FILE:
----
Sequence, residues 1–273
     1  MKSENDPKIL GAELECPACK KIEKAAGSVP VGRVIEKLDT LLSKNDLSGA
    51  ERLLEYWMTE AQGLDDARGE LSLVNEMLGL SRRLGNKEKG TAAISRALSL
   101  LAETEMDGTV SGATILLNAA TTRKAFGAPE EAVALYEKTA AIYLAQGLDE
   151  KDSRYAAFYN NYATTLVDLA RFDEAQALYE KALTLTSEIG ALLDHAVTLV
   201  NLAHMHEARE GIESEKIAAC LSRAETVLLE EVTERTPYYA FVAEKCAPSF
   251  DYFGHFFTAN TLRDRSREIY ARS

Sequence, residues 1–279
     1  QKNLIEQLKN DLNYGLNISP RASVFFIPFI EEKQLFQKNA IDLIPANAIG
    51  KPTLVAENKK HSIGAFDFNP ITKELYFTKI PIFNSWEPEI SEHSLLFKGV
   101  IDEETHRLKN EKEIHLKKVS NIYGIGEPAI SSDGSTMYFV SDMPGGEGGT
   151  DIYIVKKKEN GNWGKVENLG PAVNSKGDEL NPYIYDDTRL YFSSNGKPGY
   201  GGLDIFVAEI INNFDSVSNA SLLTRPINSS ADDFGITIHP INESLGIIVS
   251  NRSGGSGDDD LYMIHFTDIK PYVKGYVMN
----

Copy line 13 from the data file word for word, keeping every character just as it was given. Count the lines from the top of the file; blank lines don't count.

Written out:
   201  GGLDIFVAEI INNFDSVSNA SLLTRPINSS ADDFGITIHP INESLGIIVS